Carve-outs for certain countries from Trump’s proposed double-digit duties would mark a retreat from the president’s insistence earlier that the levy would be across the board.
And that could mollify leading U.S. trading partners and allies that have roundly criticized the tariffs and threatened to respond with retaliatory measures.
Excluding allies from the tariffs also could help the Trump better focus on his intended target, China, especially at a time when the U.S. and other Western powers have begun to take a more skeptical view of Beijing in light of the Chinese leadership’s increasingly assertive and expansionist activities.
Though China’s overproduction of steel is seen as the primary cause of a global glut, the United States gets a relatively small amount of imported metals from China. Instead, most U.S. steel and aluminum imports come from Canada and other allies.
So sharp opposition and threats of retaliation have come not from Beijing, but from Washington’s staunchest allies. European Union leaders Wednesday endorsed a plan to target for counter-tariffs items such as American steel, chewing tobacco and orange juice.
“Right now what this is doing is getting all of Europe’s attention and energy, (and a) focus on pushing back against the United States, not pushing on China,” said Jennifer Hillman, a Georgetown University law professor and former member of the World Trade Organization’s appellate body.
Trump’s announcement last week that he would apply blanket tariffs of 25 percent on imported steel and 10 percent on aluminum shocked trading partners and led to the resignation of White House National Economic Council director Gary Cohn.
As Trump’s top economic advisor, Cohn had been a moderating influence on Trump’s protectionist impulses, but the president went ahead with the tariff proclamations despite Cohn’s advice and that of congressional Republicans and business leaders that such action could hurt economic growth and lead to a trade war.
On Wednesday, 107 House Republicans sent Trump a letter urging him “to reconsider the idea of broad tariffs to avoid unintended negative consequences to the U.S. economy and its workers.”
White House Press Secretary Sarah Huckabee Sanders confirmed Trump’s proposed tariffs would be formalized by week’s end.
“There are potential carve-outs for Mexico and Canada based on national security and possibly other countries as well, based on that process,” Sanders said. She added that decisions would be made on a “case-by-case and country-by-country basis.”
Previously, administration officials had resisted any exemptions, warning it would open a Pandora’s box.
Trump’s tariff authority comes from a U.S. law that allows the president wide discretion to apply duties or other restrictions if the Commerce Department has found imports present a threat to national security. That determination was made—the first time a U.S. president has done so under the law in decades.
After formally being announced by the president, the tariffs must be implemented within 15 days, Hillman said. That window would give nations and companies time to request exemptions.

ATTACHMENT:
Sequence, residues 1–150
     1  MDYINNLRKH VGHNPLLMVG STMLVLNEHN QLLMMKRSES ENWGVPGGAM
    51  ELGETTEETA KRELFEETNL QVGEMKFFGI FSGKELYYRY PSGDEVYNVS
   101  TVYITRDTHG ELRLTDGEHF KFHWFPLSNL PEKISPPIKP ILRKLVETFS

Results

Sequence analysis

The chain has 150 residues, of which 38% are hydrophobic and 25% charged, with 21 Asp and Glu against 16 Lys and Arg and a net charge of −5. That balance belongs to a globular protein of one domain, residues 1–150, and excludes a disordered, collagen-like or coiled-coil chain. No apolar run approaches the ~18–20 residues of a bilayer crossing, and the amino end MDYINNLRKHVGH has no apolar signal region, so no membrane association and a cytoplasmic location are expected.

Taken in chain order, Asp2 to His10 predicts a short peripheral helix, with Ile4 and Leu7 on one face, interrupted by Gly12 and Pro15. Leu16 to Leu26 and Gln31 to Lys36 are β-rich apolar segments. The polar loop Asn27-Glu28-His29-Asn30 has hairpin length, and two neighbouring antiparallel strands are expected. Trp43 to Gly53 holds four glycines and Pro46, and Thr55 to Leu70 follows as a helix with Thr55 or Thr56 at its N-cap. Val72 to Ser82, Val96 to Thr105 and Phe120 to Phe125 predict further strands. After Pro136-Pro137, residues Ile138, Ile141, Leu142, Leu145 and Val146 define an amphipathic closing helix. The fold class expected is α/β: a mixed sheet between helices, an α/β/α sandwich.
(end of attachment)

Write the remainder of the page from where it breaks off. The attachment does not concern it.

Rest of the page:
Canada is by far the largest single shipper of steel and aluminum to the United States. And Mexico, South Korea and Japan, as well as North Atlantic Treaty Organization members such as Germany and Turkey, stand to be among the biggest losers if the tariffs take effect.
China, by contrast, accounted for just 2.4 percent of all iron and steel imports to the United States last year, thanks to many prior American dumping duties placed against various Chinese steel products in preceding years.
“I think ultimately that Mexico and Canada are part of the solution on steel, whether that’s declared later this week or down the road,” said Scott Paul, president of the Alliance for American Manufacturing, a group that has advocated for strong actions to protect U.S. steel producers.
Paul added, however, that “we must ensure that the governments of Mexico and Canada are vigilant against circumvention, join the U.S. in active trade actions to keep excess steel out of the North American market, and renegotiate NAFTA to work better for workers in all three nations.”
China, for its part, has said very little about the proposed tariffs, apparently having decided to wait until the duties are finalized and made public. The Chinese know that Trump in the past has said one thing and changed his mind later.
“The Chinese are trying to play the long game, whereas the EU and allies are frustrated,” said Andy Rothman, a former economic officer at the U.S. Embassy in Beijing and now an investment strategist for Matthews Asia in San Francisco. “Their rhetoric was quite calm and restrained,” he said, although prior to the tariff announcement, Beijing sent a warning that U.S. protectionist measures could be met with limits on American imports of sorghum and other farm goods to China.
In the last year, the administration has issued anti-dumping and illegal subsidy duties on individual Chinese products, as it has on those of other countries. Trump has also opened an investigation into China’s theft of intellectual property and forced technology transfer, which could result in significant punitive actions such as large tariffs or restrictions on imported electronics from China.